Going it Alone: 6 Tips for Prospering as an Independent Communications Consultant
By Laura Porter, Independent Writer and Communications Strategist
“I’ve got a great gig for you, only you’ll need to create your own LLC.”
When a recruiter said those words to me in March 2015, I hesitated. Start my own business? I’d been a communications government contractor for years letting others dictate my job location, work, and role. Did I want to become my own boss?
Working for a federal consulting firm was a comfortable situation for me as I always considered myself risk averse. Then the last project I was on ended and there were no other assignments on which to place me.
Everything involves some level of risk, so why not give it a try, I thought to myself. My first major client lasted over two years. However, it turns out relying on one client is not a good long-term approach for building a sustainable career. Today, I consistently support two to three clients at any one time.
How does a communications professional successfully create and build their own business? I’m going to share with you what I learned after four years and how you too can thrive as an independent consultant.
Understand Who Your Clients Are and What They Need
While a good communications professional should be able to support clients regardless of the topic, having experience and first-hand knowledge of the fields that your potential clients work in gives you an edge.
The significant experience I had previously working with multiple IT departments unquestionably helped me secure new technology clients. They loved the fact that they didn’t have to explain terms like DevOps or AI, to me and that I could jump in quickly.
If you are looking to break into a new field, read up on that industry and identify opportunities for them to better communicate with stakeholders. They’ll be impressed, and it’s more likely you’ll be hired.
Know What You Want to Do and What You Don’t
Previously, I was sometimes placed in positions that made me feel like a square peg trying to fit in a round hole. Communications is a broad term and when you are relying on others to place you in a role, it may not be something you really enjoy.
It’s important to figure out what you really enjoy doing (and do well) and self-identify opportunities where you can use your skills to shine. For me, I love to write blogs, newsletters, and case studies. I’ve now become a go-to-person for content creation.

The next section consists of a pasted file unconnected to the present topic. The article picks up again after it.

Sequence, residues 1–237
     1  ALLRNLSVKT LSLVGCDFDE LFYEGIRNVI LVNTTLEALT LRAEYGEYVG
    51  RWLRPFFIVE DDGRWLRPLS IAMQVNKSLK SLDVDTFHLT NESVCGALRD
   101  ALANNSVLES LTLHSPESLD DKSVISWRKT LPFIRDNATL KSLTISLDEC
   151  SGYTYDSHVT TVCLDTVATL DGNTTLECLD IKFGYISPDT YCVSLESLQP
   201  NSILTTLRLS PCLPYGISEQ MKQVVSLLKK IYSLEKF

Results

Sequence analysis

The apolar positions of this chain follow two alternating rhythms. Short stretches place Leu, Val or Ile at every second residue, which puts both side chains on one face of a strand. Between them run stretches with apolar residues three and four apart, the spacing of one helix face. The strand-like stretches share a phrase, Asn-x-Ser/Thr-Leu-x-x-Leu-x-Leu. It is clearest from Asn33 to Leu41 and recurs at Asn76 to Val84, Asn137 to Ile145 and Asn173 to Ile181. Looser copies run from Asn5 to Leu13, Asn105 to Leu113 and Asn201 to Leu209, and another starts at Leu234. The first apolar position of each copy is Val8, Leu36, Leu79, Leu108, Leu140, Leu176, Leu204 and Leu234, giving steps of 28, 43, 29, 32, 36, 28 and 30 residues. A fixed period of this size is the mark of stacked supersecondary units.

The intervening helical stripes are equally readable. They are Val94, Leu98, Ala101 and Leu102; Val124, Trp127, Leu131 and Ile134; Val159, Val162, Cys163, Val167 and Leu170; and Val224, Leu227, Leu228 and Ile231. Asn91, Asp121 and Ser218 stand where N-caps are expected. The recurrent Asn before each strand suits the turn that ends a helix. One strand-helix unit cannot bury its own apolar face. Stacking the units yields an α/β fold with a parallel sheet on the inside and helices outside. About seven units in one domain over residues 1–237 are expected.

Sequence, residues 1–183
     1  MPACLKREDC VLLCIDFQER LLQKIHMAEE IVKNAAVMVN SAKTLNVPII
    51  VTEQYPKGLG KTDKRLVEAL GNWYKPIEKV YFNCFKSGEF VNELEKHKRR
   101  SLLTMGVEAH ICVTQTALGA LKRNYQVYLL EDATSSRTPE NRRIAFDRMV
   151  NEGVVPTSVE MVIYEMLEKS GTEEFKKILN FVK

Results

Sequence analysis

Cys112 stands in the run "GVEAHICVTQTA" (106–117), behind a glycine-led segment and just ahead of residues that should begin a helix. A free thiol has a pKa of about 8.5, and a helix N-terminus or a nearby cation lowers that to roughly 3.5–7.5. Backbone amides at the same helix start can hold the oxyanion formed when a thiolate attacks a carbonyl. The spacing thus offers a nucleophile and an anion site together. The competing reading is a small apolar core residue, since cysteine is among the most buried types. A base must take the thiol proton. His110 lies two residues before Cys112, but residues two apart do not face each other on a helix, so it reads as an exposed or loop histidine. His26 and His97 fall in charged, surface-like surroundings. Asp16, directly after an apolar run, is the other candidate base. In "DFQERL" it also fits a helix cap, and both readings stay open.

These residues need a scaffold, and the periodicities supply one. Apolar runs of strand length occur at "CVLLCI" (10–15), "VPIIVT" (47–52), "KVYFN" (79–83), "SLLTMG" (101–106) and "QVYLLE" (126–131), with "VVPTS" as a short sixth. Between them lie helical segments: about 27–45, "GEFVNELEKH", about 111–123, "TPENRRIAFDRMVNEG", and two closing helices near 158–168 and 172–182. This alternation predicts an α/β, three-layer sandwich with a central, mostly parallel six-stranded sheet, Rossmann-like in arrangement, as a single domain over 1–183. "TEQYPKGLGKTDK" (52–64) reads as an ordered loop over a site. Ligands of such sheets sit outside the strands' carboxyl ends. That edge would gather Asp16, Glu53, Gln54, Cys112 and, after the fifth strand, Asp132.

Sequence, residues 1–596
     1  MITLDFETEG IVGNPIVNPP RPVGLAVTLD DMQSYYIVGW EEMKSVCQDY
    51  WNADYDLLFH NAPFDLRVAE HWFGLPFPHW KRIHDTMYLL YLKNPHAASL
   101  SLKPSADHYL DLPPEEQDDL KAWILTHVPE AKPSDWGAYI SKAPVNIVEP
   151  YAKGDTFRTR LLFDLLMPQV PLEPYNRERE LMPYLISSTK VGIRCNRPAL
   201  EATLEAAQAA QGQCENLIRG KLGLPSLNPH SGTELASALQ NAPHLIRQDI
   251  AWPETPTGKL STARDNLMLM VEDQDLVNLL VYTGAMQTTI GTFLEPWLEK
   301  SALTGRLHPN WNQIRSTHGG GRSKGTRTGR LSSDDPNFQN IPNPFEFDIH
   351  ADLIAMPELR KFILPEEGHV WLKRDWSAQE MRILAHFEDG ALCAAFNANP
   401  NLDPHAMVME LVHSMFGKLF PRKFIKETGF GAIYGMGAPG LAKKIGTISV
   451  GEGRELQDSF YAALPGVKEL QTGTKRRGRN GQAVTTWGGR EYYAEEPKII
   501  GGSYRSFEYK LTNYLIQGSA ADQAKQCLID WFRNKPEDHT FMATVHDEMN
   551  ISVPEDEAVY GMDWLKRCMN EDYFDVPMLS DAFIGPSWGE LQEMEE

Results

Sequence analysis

Reach Out to Your Network Even When You’re Not Looking for Work
It may feel awkward reaching out to someone you haven’t connected with in 10+ years only to ask them for work. If you make a habit out of grabbing coffee with contacts or reaching out to check in with them from time to time via email or LinkedIn, you’ll have better luck when you do need a favor.
These touchpoints help you remain fresh in their minds if an opportunity comes up where you’d be a great fit. I recently completed a wonderful six-month stint with two former colleagues who I last worked with 10 years ago.
Staying connected with them over the years made them remember to reach out to me when they had the chance to bring me on to a project.
Embrace Life-Long Learning
Communications tools from five years ago are already obsolete and the use of social media for brand, company, and personal promotion continually evolves. To remain a successful communications consultant, stay up on the newest trends, understand where communication and engagement is headed, and broaden your knowledge of the latest industry tools and technology.
You should also consider listening to podcasts like Inside PR, follow communications experts like Shel Holz (Internal Communication) Jon Winoker (Writing), and/or Pam Hughes (Marketing) on Twitter, or read books like Lisa Cron’s Wired for Story. It’s easy to stay ahead of the curve if you are willing to put in the effort.
Becoming your own boss can be especially tempting for working parents. When I first took the plunge, I had visions of greeting my daughter after school in my yoga pants with cookies and milk and cultivating a new hobby.
While there are days when I can greet my daughter and wear my yoga pants to an actual yoga class, sometimes I work longer hours than I did in an office. It’s important to stay flexible to meet your clients’ demands.
The freedom of being your own boss comes with a few strings, but much less than working for someone else.
Don’t Panic When Things Slow Down
Sometimes a sure thing, isn’t so certain. Clients who initially promise a contract extension may reconsider due to financial constraints or changing priorities. Work might ebb or flow based on the season.
To account for potential downswings, consider taking on extra work during other phases. Extend your network through business events, ask your contacts to connect you to their network, and browse online job boards.
I secured one of my largest clients by blindly applying for a part-time copywriter job online for a company based in Richmond, VA. The client wasn’t necessarily looking to make the position a remote one, but was swayed by my experience, writing samples, and interview.
If you want to join me and the other 16.5 million others who make up the growing gig economy, do your homework, reach out to your peers, and enjoy the ride!
About the Author
Laura Porter is an independent writer and communications strategist with 16+ years of experience working with government and private sector clients. Ms. Porter conducts activities as diverse as blog writing, case study creation, change management, technical and non-technical writing, web and video content creation, and implementing internal and external client communications campaigns. She enjoys working collaboratively with clients to advance their organization’s mission and get their key messages seen and heard by their target audiences. She currently lives in Arlington, VA with her husband, daughter, and Boston Terrier, Pugsley.